BOLIVIA: People’s Schools of Don Bosco educates more than 123,000 students
(MissionNewswire) With an investment of more than $1 million, the Bolivian government was able to extend the facility for the Convenio Don Bosco Institute in Potosí. The President of the Plurinational State of Bolivia, Evo Morales, inaugurated the new building Nov. 3. Salesian Father Luis Adolfo Tórrez Sanjinés, national director of the People’s Schools of Don Bosco (EPDB) of which the institute is a part, blessed the new infrastructure.
EPDB is an organization that is dependent on the Salesian congregation and has an inter-institutional agreement to manage public educational institutions and programs for quality education through the values of Catholic and Salesian formation. The EPDB is currently educating more than 123,000 students with the support of 3,000 teachers in 250 education centers in seven departments of Bolivia including La Paz, Oruro, Cochabamba, Santa Cruz, Beni, Chuquisaca and Potosí.
Convenio Don Bosco Institute begin in 1998 when Juan Rospilloso Mita, general director and owner of the Don Bosco Private School of Potosí, launched an afternoon public elementary school in agreement with the Departmental Bureau of Education and with the support and patronage of EPDB.
Both educational institutions shared the same structures with the private school until the growth of the school population called for a new infrastructure. There was an addition built to the school from 2001-2005. But the ever-increasing number of students required even larger structures, so in mid-2012, the Principal Monica Triveño and the parents of the students planned an expansion under the program “La Bolivia changes-Evo does.”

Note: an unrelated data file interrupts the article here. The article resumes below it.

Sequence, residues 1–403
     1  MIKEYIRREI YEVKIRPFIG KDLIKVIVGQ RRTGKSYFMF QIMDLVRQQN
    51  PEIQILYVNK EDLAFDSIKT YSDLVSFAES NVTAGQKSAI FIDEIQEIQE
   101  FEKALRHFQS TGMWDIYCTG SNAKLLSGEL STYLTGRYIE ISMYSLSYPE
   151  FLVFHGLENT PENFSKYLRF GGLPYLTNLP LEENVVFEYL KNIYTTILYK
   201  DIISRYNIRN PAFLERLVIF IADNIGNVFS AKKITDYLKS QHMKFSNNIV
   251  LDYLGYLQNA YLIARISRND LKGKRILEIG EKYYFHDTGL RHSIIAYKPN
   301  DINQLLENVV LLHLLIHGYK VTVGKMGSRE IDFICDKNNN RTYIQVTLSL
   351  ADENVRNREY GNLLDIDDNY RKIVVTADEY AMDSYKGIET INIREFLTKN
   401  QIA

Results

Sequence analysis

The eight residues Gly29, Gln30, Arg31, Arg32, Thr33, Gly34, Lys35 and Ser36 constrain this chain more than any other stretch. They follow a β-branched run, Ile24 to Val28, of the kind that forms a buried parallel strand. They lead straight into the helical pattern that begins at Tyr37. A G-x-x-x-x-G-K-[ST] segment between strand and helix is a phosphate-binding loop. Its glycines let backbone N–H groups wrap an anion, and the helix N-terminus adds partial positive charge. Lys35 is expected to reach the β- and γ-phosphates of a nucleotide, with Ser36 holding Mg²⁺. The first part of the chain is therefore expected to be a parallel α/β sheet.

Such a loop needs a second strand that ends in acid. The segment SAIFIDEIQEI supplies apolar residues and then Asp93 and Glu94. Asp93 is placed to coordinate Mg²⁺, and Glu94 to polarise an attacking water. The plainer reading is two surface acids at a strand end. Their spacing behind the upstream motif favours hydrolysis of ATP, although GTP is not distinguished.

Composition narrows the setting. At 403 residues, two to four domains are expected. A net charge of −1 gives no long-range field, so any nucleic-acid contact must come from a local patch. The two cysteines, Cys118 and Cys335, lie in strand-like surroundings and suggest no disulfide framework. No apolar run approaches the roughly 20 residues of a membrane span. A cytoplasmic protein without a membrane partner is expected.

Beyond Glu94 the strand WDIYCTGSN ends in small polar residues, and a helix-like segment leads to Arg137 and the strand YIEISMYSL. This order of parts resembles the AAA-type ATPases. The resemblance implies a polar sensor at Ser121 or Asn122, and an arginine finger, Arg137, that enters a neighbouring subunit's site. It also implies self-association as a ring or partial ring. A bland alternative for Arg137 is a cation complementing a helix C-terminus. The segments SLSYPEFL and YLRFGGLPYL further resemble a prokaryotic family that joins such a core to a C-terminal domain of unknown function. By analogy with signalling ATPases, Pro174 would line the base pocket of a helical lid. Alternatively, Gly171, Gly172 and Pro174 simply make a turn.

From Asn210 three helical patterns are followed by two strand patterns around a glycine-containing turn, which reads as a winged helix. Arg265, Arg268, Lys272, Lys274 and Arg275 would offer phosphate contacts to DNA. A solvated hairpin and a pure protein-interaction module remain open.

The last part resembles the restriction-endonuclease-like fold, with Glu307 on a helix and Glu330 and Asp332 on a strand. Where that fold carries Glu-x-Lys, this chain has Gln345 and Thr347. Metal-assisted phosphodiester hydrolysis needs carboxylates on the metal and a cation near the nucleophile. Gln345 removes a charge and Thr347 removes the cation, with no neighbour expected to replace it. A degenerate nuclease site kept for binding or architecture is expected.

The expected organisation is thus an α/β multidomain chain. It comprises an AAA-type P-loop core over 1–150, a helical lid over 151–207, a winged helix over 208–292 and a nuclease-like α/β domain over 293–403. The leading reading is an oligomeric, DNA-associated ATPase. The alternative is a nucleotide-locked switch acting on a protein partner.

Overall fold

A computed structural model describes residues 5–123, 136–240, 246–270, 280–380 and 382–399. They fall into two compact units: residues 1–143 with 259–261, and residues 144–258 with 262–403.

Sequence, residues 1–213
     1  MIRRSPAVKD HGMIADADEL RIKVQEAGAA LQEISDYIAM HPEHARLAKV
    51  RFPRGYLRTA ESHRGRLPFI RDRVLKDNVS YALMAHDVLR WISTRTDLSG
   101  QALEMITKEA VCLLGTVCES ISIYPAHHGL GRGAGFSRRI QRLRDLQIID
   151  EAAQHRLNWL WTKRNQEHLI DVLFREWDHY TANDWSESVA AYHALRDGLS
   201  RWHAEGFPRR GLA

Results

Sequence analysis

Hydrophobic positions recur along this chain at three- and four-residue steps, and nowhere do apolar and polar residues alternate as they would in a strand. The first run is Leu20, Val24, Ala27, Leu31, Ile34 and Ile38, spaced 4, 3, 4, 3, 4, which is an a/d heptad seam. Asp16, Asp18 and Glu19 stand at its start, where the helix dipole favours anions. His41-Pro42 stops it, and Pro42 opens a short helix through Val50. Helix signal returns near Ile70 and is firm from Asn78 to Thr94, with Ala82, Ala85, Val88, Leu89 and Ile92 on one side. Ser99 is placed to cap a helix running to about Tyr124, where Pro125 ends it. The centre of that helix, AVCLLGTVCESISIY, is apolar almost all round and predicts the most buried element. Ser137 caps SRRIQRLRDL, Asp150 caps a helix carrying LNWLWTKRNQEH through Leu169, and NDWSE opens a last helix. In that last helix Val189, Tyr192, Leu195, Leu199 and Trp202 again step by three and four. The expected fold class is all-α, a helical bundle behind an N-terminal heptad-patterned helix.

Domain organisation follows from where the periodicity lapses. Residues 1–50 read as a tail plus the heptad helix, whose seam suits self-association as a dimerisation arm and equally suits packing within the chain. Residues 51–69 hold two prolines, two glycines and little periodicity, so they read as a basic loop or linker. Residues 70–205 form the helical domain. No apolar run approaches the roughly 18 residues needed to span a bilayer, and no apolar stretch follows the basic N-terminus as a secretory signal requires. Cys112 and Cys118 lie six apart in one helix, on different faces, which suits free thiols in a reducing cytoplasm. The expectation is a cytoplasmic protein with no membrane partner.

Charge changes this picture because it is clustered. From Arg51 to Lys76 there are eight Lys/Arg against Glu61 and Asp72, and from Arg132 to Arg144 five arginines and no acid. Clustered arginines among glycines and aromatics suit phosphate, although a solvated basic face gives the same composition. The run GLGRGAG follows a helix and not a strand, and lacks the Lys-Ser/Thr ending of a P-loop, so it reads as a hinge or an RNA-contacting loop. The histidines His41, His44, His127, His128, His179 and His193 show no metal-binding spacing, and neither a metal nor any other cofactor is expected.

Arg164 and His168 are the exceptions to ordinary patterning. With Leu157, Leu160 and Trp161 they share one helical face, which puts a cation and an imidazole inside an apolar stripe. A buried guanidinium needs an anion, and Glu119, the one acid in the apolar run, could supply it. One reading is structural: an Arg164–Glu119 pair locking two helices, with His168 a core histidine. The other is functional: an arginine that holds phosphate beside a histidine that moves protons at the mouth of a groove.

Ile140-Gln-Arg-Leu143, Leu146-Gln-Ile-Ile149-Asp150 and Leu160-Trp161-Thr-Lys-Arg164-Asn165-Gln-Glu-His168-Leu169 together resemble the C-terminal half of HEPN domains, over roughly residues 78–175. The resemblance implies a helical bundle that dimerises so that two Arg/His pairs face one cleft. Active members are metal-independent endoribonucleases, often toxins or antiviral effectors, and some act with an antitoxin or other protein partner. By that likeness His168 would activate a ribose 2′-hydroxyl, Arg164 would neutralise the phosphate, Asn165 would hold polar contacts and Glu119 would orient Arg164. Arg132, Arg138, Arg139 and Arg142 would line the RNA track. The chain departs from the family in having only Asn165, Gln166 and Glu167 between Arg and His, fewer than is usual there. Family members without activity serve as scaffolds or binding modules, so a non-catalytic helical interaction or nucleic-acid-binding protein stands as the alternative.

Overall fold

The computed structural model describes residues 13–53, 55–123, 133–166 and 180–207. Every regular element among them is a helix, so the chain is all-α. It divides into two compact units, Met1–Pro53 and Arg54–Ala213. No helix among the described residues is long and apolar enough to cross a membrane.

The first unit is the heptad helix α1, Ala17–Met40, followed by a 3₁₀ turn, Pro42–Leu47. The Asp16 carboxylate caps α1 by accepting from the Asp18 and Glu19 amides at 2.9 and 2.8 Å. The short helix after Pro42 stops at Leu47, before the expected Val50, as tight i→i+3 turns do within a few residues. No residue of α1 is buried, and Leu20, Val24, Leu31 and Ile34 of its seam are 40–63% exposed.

The first stone of this brand-new facility was laid in March 2017, and work proceeded regularly until the inauguration. Today, the two schools, private and public, contribute greatly to the education of thousands of children and young people of Potosí in the style of Don Bosco.
“This kind of collaboration benefits all children of all backgrounds and religions, ensuring quality education for youth living in considerations of poverty,” says Father Mark Hyde, executive director of Salesian Missions, the U.S. development arm of the Salesians of Don Bosco.
Bolivia is the poorest country in South America and also has the most unequal income distribution on the continent. According to UNICEF, 60 percent of Bolivians live below the poverty line with 40 percent of those living in extreme poverty. The poverty rate is higher in rural areas where the rate increases to 75 percent of the population. It is common for Bolivians to struggle to find adequate nutrition, shelter and other basic necessities.
The geography of Bolivia contributes to the overwhelming poverty of its residents. Large swaths of the country remain undeveloped with a lack of roads and infrastructure in place, negatively affecting the indigenous farming populations who typically live there. Only half of rural children complete primary school and many others leave school to help support their families, according to UNICEF. There are others who are left homeless by parents who cannot afford to care for them and those who leave their homes to escape violence.
UNICEF – Bolivia